10 Books That Made Me A Better Writer

Recently, when I have been avoiding work, I have been escaping to tumblr. While there, I’ve come across multiple posts of stacks of ten books. These posts are usually titled something along the lines of, “The Top 10 Books that have Changed My Life”.


I think these lists are so fascinating– each is tailored to an individual and his or her life experiences.

These posts got me thinking about what books I would put on my list. So I went into my bedroom and looked at all of the books that line my walls. And quickly came to the conclusion that picking 10 books was going to be way too hard. Because… Well, I have a bit of a problem. It’s a good problem, but a problem nonetheless.

I have so many books that I don’t have enough room for them in my room. Or my basement.


I like books. A lot.

So I decided to make a different list. Instead of picking my favorite books of all time, I decided to pick 10 books that have helped me to become a better writer.


Too much, actually. And may or may not alphabetize them.

Some of these books opened my eyes to what excellent writing is, how to craft a sentence in a way that makes the reader crave to read it aloud. Others have shown me how to create atmosphere and mood in a story through description. Others have shown me the importance of stories within a culture. Others have shown me the importance of world-building. Others have shown me how to create complex, believable characters.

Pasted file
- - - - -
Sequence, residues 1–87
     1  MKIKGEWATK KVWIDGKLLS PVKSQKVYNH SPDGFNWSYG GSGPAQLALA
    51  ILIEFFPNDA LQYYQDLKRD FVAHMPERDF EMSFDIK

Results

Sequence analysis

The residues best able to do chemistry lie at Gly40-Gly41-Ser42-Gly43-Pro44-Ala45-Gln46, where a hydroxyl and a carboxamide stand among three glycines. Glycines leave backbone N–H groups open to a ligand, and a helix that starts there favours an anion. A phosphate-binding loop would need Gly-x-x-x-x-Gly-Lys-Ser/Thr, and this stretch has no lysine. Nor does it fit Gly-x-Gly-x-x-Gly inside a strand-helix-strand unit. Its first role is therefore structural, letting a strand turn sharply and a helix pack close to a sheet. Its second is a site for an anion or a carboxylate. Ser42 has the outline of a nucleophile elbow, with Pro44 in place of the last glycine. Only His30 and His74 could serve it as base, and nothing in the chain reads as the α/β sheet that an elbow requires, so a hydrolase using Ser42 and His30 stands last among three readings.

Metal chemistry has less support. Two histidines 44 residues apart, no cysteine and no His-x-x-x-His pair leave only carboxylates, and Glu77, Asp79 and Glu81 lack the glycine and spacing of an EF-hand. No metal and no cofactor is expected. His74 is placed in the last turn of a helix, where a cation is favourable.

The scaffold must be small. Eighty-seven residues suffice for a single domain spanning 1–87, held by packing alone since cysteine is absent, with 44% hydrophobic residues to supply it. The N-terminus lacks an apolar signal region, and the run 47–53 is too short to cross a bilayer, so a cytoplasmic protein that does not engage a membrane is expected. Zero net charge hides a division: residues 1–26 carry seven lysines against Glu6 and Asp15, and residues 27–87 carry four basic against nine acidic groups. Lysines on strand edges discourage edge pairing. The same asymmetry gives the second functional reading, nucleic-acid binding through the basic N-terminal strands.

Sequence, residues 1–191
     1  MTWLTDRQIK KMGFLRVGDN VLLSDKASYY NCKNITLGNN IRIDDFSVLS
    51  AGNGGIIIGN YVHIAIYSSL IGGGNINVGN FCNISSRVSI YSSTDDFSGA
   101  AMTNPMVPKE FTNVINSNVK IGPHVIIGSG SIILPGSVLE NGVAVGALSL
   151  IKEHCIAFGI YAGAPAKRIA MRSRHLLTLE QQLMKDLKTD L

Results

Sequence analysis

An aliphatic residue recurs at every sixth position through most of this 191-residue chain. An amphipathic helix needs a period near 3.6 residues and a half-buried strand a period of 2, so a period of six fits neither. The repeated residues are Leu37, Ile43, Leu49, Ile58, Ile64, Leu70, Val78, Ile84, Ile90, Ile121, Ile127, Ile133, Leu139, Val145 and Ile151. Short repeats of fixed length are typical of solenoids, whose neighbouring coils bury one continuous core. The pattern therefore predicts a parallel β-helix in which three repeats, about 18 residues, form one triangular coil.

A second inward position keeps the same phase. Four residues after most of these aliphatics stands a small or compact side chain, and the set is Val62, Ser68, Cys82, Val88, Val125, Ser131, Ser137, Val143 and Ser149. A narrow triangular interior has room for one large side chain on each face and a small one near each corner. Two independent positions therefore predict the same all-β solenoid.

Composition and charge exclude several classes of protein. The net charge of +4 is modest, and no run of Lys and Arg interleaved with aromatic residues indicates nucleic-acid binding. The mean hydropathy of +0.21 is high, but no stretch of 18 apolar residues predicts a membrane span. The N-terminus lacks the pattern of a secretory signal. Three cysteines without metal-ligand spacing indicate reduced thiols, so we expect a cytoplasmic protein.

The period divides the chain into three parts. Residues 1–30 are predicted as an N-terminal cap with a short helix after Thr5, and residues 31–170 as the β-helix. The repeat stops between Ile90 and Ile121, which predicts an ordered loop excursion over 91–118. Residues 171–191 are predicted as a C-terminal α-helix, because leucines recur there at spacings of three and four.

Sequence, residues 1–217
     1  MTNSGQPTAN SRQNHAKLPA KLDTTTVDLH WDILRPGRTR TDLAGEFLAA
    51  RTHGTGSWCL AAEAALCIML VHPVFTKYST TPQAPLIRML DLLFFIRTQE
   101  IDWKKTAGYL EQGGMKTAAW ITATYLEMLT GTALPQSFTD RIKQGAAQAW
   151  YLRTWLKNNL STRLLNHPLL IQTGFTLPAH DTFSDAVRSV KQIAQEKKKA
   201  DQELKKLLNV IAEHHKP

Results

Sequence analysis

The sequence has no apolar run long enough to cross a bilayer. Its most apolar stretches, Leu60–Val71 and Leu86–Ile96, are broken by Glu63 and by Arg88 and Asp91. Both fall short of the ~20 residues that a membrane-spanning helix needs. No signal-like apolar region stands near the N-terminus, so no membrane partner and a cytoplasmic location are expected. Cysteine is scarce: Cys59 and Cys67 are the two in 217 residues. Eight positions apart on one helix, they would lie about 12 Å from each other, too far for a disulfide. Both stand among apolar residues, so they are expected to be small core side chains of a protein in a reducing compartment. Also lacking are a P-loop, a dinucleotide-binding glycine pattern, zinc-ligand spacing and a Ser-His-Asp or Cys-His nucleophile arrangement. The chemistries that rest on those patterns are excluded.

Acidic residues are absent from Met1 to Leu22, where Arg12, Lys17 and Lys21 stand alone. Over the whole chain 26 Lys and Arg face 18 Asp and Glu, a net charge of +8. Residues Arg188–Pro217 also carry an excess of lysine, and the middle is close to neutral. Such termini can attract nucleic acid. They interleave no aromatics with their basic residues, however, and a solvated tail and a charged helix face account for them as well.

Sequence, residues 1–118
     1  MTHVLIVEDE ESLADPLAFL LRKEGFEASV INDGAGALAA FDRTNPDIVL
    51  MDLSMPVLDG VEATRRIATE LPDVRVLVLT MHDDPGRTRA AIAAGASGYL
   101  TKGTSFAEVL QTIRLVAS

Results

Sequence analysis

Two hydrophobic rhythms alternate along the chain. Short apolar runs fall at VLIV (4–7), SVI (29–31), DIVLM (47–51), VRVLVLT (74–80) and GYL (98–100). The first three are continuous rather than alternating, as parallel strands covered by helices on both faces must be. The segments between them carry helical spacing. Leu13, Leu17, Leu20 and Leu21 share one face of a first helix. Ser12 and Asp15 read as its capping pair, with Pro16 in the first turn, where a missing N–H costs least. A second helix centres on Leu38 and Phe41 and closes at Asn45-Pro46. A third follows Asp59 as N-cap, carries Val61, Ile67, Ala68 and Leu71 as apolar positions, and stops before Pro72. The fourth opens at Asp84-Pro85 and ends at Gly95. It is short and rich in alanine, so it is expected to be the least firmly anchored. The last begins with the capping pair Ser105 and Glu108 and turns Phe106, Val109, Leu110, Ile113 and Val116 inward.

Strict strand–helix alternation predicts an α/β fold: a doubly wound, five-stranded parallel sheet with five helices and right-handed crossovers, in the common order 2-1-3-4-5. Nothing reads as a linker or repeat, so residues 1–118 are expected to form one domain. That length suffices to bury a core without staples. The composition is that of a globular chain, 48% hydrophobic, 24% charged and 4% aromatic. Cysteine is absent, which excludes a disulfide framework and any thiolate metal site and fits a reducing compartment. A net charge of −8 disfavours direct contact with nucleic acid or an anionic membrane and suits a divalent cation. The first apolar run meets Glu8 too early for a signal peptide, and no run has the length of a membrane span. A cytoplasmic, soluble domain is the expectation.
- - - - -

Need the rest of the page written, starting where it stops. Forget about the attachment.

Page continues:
If you asked me what books I would bring with me to a desert island, some of these would not be on my list– books like Little Women and Jane Eyre and A Moveable Feast and The Road would. But these are the books that, whether I was seven or twenty at the time, have proved to be invaluable textbooks for me as I work (and continue to work) to hone my craft.

The books I chose are the following, in no particular order:


Why yes, that is a Batman action figure on my shelf.

1. The Lord of the Rings by J.R.R. Tolkien

2. Watership Down by Richard Adams

3. Erec and Enide by Chrétien de Troyes, translated by Ruth Harwood Cline

4. The Scorpio Races by Maggie Stiefvater

5. Peter Pan by J.M. Barrie

6. Beowulf by Unknown, Awesome Anglo-Saxon Dude and translated by Howell D. Chickering, Jr.

7. Till We Have Faces by C.S. Lewis

8. The Book Thief by Markus Zusak

9. The Thief Lord by Cornelia Funke

and 10. Much Ado About Nothing by William Shakespeare

Clare and I have decided to write reviews of our Top 10 lists, so look for those in the future. I am so excited to write about the ten books on my list! And we would love to know… What books would be on your list?


And yes, I keep books on my radiator, too.


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